After our post about caring for a dog with no teeth, the next logical question is: What about toys for dogs with few teeth?
I rescued a 9 year old dog recently. He had all his top teeth removed and some bottoms missing. Any toys that you found were fun for your dog without being painful or stressful? ~ Courtney
If your dog has very few teeth (or no teeth), as is often the case with senior dogs, it’s still important for your dog to have some toys of his own to play with.
Following are 10 types of dog toys that are best for dogs with no teeth…
While dogs with no teeth may not “play” with toys in quite the same way as other dogs, they still like (and need!) to interact with play things on a regular basis.
Toys — for all dogs — are important for the following reasons:
- They prevent boredom
- They challenge the mind
- They keep your dog active
For dogs that have no teeth, or few teeth, I would recommend dog toys like these:
#1 – Talking dog toys
Dogs without teeth may naturally shy away from traditional dog toys, but they’ll always be intrigued by talking dog toys! The most enjoyment comes from dog toys that make sounds on their own (without any provocation/interaction from the dog required) and that make sounds in irregular patterns & unusual tones. Talking dog toys typically run on batteries, for years of fun play.
They roll around on their own and make noises, which continues to pique your dog’s attention. For dogs, the thrill of the chase is often better than mouthing on these types of toys — which is perfect for dogs with no teeth. Bonus: these toys react differently on hard floors vs carpeted floors, so your dog’s playtime will never be the same twice.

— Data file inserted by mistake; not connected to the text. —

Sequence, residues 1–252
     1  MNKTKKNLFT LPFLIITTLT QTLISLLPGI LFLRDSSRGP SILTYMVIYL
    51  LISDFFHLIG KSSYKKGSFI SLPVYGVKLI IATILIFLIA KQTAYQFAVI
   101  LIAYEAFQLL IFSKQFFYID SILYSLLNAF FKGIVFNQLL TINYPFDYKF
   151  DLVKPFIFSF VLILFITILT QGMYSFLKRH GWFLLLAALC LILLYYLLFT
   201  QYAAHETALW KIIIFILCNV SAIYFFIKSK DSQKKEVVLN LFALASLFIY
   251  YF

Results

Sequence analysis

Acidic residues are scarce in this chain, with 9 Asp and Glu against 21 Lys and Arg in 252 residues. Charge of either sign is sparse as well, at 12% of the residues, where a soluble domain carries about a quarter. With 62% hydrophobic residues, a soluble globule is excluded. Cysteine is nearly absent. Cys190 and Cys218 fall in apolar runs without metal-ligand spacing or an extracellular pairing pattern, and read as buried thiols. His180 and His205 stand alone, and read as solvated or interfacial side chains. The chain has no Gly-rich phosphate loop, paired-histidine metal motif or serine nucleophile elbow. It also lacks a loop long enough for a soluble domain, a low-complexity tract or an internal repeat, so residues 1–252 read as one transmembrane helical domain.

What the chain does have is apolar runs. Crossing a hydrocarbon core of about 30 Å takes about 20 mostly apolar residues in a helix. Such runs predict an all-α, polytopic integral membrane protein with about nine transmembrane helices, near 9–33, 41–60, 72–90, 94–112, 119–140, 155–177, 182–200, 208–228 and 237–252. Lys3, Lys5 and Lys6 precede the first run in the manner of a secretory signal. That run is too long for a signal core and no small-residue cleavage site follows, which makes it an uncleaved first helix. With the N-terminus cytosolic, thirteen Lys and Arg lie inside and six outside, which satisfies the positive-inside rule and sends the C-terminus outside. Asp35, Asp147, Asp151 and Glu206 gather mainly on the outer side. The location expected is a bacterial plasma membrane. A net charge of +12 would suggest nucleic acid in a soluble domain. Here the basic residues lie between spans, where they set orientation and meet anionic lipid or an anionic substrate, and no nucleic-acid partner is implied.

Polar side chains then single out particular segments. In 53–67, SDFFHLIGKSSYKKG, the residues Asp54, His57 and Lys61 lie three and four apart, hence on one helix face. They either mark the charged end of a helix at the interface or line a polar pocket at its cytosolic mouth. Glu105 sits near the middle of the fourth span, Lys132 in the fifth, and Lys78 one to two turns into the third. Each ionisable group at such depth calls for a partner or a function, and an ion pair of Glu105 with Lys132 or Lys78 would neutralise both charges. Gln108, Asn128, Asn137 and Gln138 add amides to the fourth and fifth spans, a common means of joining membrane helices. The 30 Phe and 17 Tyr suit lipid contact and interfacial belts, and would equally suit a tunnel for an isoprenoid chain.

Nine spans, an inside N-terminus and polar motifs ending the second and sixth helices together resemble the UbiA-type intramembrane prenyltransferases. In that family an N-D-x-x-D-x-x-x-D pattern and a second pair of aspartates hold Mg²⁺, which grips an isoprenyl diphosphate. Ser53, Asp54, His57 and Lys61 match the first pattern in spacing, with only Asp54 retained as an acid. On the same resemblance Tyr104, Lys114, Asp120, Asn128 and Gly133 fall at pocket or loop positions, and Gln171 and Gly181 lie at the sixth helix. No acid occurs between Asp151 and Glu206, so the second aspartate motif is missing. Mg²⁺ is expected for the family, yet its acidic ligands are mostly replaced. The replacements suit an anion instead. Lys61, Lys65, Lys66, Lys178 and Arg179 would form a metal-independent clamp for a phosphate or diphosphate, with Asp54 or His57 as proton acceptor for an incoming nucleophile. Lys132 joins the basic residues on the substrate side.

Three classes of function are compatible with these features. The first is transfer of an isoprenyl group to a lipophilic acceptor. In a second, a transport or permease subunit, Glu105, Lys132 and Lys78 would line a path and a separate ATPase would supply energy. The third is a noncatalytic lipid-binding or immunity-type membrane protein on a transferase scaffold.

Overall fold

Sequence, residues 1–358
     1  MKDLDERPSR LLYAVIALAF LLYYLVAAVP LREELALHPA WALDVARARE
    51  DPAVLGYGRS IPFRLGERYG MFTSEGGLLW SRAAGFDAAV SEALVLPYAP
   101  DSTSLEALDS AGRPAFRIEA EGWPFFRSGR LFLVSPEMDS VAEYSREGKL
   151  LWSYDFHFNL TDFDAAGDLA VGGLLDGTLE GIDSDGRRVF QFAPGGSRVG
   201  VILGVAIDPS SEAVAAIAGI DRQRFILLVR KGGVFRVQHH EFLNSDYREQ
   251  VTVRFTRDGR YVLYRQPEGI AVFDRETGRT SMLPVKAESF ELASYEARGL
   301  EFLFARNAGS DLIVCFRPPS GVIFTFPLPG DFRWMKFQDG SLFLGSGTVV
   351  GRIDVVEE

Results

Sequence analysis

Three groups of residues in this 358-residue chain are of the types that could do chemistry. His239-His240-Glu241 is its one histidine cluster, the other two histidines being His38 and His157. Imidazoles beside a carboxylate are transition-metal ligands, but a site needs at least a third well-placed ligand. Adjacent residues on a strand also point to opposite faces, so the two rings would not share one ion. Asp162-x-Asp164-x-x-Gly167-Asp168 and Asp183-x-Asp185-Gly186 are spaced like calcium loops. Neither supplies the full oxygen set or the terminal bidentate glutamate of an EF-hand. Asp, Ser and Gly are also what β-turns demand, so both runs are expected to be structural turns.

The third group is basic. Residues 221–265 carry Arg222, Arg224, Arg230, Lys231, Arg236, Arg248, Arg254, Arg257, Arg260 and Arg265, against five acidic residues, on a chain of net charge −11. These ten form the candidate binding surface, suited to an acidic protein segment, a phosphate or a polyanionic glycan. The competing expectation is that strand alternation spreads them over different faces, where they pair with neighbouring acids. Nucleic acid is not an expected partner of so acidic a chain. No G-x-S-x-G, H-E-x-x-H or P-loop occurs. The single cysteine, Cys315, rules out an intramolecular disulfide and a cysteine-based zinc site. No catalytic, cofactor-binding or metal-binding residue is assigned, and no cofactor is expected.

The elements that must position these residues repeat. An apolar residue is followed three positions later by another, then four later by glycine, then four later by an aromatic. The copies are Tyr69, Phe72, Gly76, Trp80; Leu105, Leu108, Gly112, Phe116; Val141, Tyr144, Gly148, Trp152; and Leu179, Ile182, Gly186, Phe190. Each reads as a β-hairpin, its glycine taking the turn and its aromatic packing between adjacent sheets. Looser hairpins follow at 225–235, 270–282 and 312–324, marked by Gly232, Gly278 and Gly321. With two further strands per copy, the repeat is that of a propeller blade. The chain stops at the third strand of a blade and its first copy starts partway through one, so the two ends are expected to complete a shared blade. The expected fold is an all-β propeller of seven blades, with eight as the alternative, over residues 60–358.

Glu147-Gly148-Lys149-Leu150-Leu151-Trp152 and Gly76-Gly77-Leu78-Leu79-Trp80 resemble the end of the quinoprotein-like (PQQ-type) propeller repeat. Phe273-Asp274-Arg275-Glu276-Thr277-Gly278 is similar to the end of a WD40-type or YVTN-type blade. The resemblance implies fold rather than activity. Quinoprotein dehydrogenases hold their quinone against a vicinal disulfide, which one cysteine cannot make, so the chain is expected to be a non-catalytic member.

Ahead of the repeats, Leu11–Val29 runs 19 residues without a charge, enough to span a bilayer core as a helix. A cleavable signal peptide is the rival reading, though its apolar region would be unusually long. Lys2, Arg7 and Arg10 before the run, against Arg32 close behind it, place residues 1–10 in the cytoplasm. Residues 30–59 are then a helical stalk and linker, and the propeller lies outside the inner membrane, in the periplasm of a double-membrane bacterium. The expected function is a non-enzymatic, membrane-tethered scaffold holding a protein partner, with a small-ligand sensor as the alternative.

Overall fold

These are soft and they come in various styles that dogs find intriguing. For dogs with no teeth, it’s not about the squeakers that are often found inside these dog toys. Instead, it’s about the allure of playing with something that’s very long, or oddly shaped — and very soft. Some plush dog toys are motion-activated as well, for added entertainment value. Dogs with and without teeth enjoy 2 unique versions of these dog toys: unstuffies and stuffingless plush toys.
As your dog pushes these toys on the floor with his nose, dog treats/kibble fall out. This is a very rewarding form of play for dogs. It challenges your dog and motivates him to play longer. For dogs with few teeth, you’ll want to use smaller & softer dog treats inside these toys, or your dog’s own kibble. Many interactive dog treat toys can be set to dispense more or less treats every time the toy rolls over. Perfectly round treat dispensing balls are typically the easiest for dogs to get the treats out of. And some even have a built-in timer, to reload and begin dispensing dog treats every 15 to 90 minutes.
Dogs enjoy this type of toy because of the unexpected motion that results from the protruding arms and legs as your dog is playing with it. As your dog shakes it around in his mouth, the floppy parts gently tap his head, face, and neck — which prompts more play. For the ultimate in floppiness, consider a soft octopus dog toy or dog toys with extra long arms and legs. These dog toys are typically soft — with few, if any, hard parts on them — which is perfect for dogs with no teeth. Some even make unusual noises!